Nourishing Grape and Chia Jam is our version of a classic grape jam. By adding chia seeds (filled with lots of omega-3s) and maple syrup in place of white sugar, this jam is the perfect balance of sweet, tangy, and tart. Plus, the deep purple color (hello, anthocyanins!) is a gorgeous addition to your slice of toast or morning oats!
If green grapes are your preference, then we have the recipe for you! Beat the heat with this Refreshing Green Grape Slushie. A frosty, zingy, and tantalizing blend of lime, mint, and grapes, this vibrant slushie is a celebration of natural grape flavor in a cool and invigorating frozen treat!
Roasted brussels sprouts and grapes take on a slightly caramelized flavor in this tantalizing side dish. Both the brussels sprouts and grapes develop a deeper flavor as they roast, making this a delicious side dish to complement a heartier meal. Pair it with grilled tofu or tempeh, or add to a savory grain bowl. What’s more, as the grapes begin to burst, their juices mix with the Balsamic Hemp Dressing to make a sweet and sticky coating on the Brussels sprouts that is out-of-this-world good!
We may be biased, but juicy red grapes, toasted pecans, and a creamy yogurt dressing are a match made in heaven with this Creamy Vegan Waldorf Salad. This recipe is a delicious and refreshing way to enjoy grapes. Plus, it’s packed with phytonutrients from the grapes, healthy fats from the pecans, and probiotics from the dressing. If you’ve been looking for some sweet plant-spiration for grapes, then look no further than this heavenly recipe!
Roasting grapes is a game changer for a few reasons: They become melt-in-your-mouth soft while also becoming slightly caramelized, and the natural sweetness in grapes intensifies even more. Yum! Together with roasted balsamic red onion, radishes, and sweet, savory, and spicy Tempeh Sausage, you’ll enjoy a party of flavor in your mouth. This grain bowl is filling, nourishing, and one of the most delicious ways you can enjoy roasted grapes!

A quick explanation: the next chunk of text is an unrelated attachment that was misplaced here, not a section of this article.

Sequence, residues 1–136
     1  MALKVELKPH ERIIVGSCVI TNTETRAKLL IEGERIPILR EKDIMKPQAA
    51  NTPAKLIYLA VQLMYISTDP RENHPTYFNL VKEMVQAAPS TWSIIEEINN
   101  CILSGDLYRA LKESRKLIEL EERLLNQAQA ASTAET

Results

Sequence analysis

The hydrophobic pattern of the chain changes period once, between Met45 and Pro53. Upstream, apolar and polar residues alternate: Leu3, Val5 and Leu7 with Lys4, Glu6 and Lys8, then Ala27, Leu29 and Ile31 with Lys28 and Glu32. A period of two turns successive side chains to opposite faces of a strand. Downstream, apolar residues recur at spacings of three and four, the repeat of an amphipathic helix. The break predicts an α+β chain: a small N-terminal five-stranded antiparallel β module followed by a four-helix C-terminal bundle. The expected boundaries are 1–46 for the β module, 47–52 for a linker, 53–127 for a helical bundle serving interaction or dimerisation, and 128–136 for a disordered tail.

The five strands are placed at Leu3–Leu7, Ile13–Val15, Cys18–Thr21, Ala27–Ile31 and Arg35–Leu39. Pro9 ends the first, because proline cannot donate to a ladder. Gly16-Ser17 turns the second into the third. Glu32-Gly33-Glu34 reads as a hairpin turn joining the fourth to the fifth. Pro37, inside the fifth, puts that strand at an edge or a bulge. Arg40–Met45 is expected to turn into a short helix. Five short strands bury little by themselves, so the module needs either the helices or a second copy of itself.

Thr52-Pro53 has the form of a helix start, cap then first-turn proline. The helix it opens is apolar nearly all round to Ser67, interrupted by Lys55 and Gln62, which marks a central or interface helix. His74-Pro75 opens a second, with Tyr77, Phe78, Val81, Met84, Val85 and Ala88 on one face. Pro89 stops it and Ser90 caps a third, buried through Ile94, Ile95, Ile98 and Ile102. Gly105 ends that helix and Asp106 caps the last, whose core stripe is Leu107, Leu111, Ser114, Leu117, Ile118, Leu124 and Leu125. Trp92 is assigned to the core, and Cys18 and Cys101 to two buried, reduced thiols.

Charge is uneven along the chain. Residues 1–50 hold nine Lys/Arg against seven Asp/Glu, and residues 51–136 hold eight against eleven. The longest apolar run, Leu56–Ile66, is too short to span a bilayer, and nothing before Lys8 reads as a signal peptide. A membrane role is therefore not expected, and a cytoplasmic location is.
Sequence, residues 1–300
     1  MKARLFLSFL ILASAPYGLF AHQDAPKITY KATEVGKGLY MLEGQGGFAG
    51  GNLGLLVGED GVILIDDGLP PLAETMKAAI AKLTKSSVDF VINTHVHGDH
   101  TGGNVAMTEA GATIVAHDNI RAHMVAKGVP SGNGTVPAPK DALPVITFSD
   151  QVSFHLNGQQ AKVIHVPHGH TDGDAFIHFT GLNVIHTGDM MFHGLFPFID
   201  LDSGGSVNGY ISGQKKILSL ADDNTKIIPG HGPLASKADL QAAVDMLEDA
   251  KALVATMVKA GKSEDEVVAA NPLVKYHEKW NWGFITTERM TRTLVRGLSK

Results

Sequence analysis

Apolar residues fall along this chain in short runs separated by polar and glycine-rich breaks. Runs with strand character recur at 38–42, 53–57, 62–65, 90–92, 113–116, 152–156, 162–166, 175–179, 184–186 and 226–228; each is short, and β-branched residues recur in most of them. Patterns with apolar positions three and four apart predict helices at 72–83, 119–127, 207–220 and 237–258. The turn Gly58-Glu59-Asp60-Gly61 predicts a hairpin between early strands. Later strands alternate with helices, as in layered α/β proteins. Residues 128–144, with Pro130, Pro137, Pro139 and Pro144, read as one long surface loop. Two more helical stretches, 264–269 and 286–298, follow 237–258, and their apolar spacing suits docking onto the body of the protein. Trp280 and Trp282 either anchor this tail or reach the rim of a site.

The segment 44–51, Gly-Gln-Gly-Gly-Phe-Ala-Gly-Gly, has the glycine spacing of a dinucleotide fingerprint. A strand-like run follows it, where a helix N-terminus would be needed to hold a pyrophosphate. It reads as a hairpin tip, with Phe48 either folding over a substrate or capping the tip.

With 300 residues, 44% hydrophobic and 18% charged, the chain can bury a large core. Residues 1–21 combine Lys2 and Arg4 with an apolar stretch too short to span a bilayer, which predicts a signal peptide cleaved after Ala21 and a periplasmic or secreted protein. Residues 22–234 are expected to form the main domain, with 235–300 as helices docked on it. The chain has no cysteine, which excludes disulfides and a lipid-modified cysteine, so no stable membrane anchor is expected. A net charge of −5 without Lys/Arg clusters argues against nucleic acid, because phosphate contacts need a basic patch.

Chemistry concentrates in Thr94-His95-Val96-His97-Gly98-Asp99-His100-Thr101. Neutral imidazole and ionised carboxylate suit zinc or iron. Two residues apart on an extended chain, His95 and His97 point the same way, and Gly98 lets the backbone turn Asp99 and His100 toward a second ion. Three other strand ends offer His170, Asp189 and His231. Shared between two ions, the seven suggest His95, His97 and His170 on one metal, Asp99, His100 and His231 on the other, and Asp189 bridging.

This Jewish-inspired recipe uses grapes in both their dehydrated and juiced forms. Charoset is a delicious concoction of raisins, apples, almonds, walnuts, cinnamon, and dates. But soaking them in natural grape juice takes this recipe to the next level. Although there are many ways to make this sweet relish, we think our version is one of the tastiest ways to harness the flavor and nutrition of grapes!
We’re Grapeful for Grapes!
Grapes have come a long way from their origins as wine-making fodder, and are now seen as delicious in their own right. They’re sweet, juicy, convenient, and versatile, and can be enjoyed raw and cooked, fresh and frozen. To fully savor them and get the most out of their culinary potential, it’s useful to know how to select, clean, and store them.
By following the tips and guidelines provided in this article, you can ensure that every bunch of grapes you bring home brings joy to your taste buds. So whether you’re enjoying them fresh by the handful, incorporating them into delicious recipes, or exploring their frozen wonders, let grapes add a burst of natural sweetness to your life.
Tell us in the comments:
- Do you eat table grapes?
- Have you tried freezing grapes for year-round pop-in-the-mouth treats?
- Which grape recipe will you try next?
Featured Image: iStock.com/Pekic